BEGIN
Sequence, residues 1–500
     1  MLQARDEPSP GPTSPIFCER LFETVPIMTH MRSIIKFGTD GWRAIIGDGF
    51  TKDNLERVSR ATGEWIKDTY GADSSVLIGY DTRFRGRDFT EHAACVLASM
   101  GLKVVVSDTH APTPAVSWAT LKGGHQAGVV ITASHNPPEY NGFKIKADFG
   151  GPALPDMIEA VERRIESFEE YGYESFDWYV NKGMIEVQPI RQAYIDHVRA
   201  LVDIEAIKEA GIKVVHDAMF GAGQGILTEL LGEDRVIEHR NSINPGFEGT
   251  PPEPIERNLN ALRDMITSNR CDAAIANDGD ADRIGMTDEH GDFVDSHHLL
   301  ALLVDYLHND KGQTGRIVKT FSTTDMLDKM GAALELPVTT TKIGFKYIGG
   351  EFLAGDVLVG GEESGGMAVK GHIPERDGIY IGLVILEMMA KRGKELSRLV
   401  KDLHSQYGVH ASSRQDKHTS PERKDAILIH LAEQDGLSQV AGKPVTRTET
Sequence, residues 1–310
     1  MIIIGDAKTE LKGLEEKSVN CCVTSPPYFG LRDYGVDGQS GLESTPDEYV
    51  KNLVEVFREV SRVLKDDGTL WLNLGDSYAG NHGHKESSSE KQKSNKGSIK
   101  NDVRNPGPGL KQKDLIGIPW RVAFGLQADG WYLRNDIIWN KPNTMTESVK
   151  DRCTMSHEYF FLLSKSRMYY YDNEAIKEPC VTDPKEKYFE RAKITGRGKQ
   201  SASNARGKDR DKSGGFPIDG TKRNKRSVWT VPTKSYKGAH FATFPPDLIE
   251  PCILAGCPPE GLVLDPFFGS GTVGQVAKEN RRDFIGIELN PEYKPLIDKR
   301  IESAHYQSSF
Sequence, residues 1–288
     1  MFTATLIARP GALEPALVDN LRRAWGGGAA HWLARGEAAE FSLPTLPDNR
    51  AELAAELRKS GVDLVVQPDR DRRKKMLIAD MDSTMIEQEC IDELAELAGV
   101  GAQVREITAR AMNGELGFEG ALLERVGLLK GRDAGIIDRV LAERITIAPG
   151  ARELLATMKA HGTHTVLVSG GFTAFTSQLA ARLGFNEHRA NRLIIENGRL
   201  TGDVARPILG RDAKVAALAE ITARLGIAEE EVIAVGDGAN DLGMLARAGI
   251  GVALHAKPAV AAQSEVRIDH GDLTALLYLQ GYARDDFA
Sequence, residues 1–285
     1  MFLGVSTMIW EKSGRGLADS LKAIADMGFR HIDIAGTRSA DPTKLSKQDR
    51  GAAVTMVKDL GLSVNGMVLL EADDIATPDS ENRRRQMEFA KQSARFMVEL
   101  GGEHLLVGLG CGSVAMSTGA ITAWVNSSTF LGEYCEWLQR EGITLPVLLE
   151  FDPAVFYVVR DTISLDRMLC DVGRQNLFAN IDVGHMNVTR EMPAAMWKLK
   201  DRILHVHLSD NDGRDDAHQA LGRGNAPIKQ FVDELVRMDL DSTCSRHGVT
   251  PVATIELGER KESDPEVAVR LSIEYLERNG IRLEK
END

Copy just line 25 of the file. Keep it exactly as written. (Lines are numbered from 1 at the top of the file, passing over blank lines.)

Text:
   251  GVALHAKPAV AAQSEVRIDH GDLTALLYLQ GYARDDFA